Media coverage of a hostage situation
Case Study Issues in Mass Communication
September 9, 2018
The media has a monumental impact on the public and on the outcomes of hostage crisis situations. The media has the freedom of speech but the authorities also have a right and duty to control this type of situation in order to protect the hostages, reduce chaos, and inform the public by doing so in the correct way and with correct information that will help the cause, not hurt it.
Description of the Case
It is to be expected that each news station wanted the best angles for their viewers, the most information and to be top rated. It is journalist jobs to keep up to date and bring the most to the table, by any means. In August 2010, a man was holding tourists on a bus hostage in the Philippines. The media decided to broadcast this event and their findings live, doing so sparked heated criticism. The crisis led to the death of eight tourists and the hostage-taker, who happened to be a former police officer, Rolando Mendoza, who was fired last year after being charged with extortion and robbery. Three key issues came up in the debates; the disagreement between journalists and the public over how the situation should have been covered, the need for greater communication between journalists and the police during hostage situations, and the difference between how the Philippines and the U.S. have applied ethical guidelines to crisis situations.
Should the public be informed on all hostage-based disasters? Hostage taking media coverage undermines the government, can create chaos, and breaks relationships between the government and the people but the media and family has the right to freedom of speech.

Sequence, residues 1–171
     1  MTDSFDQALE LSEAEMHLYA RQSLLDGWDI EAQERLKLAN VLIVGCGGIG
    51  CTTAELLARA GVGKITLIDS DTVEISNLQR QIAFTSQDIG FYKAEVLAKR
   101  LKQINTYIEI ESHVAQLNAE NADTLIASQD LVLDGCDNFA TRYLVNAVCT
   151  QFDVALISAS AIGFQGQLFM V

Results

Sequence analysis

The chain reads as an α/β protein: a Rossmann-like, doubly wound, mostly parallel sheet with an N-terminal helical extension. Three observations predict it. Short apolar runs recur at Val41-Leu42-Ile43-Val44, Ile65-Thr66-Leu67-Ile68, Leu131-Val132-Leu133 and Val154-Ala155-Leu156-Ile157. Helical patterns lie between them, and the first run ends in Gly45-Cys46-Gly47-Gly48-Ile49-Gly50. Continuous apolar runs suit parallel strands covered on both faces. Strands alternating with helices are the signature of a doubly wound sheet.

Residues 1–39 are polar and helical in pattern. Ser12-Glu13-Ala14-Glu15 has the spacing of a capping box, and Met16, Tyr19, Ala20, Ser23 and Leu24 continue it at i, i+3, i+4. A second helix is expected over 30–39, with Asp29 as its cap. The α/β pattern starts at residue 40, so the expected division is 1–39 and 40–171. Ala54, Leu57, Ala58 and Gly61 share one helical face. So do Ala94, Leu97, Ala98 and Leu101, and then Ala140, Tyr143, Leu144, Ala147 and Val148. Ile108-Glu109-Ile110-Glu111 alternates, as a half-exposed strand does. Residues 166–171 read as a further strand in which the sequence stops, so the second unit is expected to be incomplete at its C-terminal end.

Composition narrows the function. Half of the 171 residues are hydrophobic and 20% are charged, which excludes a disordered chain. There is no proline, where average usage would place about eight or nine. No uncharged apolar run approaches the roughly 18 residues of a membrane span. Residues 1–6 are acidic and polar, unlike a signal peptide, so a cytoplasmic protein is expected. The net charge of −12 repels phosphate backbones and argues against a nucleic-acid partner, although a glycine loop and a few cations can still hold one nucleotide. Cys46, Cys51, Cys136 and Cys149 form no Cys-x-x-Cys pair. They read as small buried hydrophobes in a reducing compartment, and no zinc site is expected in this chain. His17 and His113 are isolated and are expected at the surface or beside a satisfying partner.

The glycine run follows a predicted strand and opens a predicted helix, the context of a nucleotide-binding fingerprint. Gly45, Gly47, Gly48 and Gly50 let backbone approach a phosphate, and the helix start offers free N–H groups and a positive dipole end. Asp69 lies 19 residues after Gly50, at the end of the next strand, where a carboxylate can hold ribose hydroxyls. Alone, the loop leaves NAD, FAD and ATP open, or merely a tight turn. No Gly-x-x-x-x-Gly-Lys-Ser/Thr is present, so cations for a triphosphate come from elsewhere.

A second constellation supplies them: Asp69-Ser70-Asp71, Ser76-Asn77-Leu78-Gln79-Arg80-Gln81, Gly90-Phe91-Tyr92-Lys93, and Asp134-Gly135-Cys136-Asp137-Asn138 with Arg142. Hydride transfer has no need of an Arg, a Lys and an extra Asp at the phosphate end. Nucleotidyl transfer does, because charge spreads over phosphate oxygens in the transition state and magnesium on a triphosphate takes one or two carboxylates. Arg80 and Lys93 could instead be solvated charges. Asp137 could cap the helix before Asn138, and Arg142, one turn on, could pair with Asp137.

When media covers a hostage situation, it creates sympathy and dialogue for the hostage-takers, as well as the hostages. By doing this, the takers then manipulate the situation by bringing into light their political agenda and strife. Leading the outcome in their favor of them being portrayed as the victims/heroes while the government is places in the peoples minds as the bad guys who allowed or pushed these men into a ‘desperate’ criminal act. At this point, everyone is watching their every move and no matter what the government does they are seen as weak. They must comply with the takers demands or the public will blame them for any harm done to their people. On the other hand though, if they do comply then they are judged for negotiating with ‘terrorists’ and this is all due to media coverage. Hostage-takers want to be heard and in most cases having it covered by the media to spread the news is just what they want in the first place and only puts everyone in a harder situation. It also has an effect on the hostage, with media coverage putting attention and force on the situation, family may come forward to make informational statements and/or offer rewards for their loved ones safe return. Doing so might increase the ‘value’ of a hostage, might put their family in danger, or complicate the situation. For example “Giving away too much information about the hostage can also help ‘copycats’ who claim to have the hostage and divert attention and resources away from the real case,” (Hostage US, 2016). Each country has its own way of journalism and culture and this changes how journalists operate across the world. “Ressa and others from ABS-CBN said that journalistic practices widely accepted in the U.S. are not as relevant halfway across the world,” (Tenore, 2010). Viewers would publicly blame the media for risking the lives of the hostages and giving Mendoza a chance to track police responses and grow increasingly more violent due to reports that were aired of his brother’s arrest. They also faulted the media for not following guidelines and for interviewing Mendoza during the crisis situation. The media had provoked Mendoza around the hostages. "Tony Velasquez, a senior news correspondent for ABS-CBN and an anchor for ANC, its English-language news channel, said the station considered the implications of its decision to broadcast the hostage situation live. He pointed out that the decision would have been easier to make if there had been better communication between police and journalists. ‘Most of our colleagues agree that our overriding goal of delivering information justified keeping the live broadcast on air,’ Velasquez said via e-mail. ‘But in retrospect, some have also acknowledged that the authorities could, and should, have put their foot down when the situation was getting critical, and directed that live coverage be cut before any provocative action against the hostage-taker would be taken,’” (Tenore, 2010). The media and police were not on the same page, which caused chaos. Family members were brought to the scene and allowed to speak freely to the media. The police later were forced to admit that the assault team that tried to rescue the hostages was inadequately trained as well. It was reported that an additional problem was "non-compliance to media relations procedures in hostage situations," (James, 2010). This has shown to be a major problem between authorities and media members, causing negative and unpredictable affects towards the situation and also on the public relationship and public view on authorities.